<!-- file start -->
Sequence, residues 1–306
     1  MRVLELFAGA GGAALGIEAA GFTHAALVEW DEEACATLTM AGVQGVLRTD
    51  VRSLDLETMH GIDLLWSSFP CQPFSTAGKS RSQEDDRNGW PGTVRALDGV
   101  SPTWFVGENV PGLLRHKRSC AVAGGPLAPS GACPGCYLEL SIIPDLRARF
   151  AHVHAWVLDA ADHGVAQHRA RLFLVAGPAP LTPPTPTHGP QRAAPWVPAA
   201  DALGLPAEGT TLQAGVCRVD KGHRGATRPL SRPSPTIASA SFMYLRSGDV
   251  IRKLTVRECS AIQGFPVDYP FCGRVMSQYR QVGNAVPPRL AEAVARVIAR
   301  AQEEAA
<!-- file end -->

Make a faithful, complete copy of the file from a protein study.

Sequence, residues 1–306
     1  MRVLELFAGA GGAALGIEAA GFTHAALVEW DEEACATLTM AGVQGVLRTD
    51  VRSLDLETMH GIDLLWSSFP CQPFSTAGKS RSQEDDRNGW PGTVRALDGV
   101  SPTWFVGENV PGLLRHKRSC AVAGGPLAPS GACPGCYLEL SIIPDLRARF
   151  AHVHAWVLDA ADHGVAQHRA RLFLVAGPAP LTPPTPTHGP QRAAPWVPAA
   201  DALGLPAEGT TLQAGVCRVD KGHRGATRPL SRPSPTIASA SFMYLRSGDV
   251  IRKLTVRECS AIQGFPVDYP FCGRVMSQYR QVGNAVPPRL AEAVARVIAR
   301  AQEEAA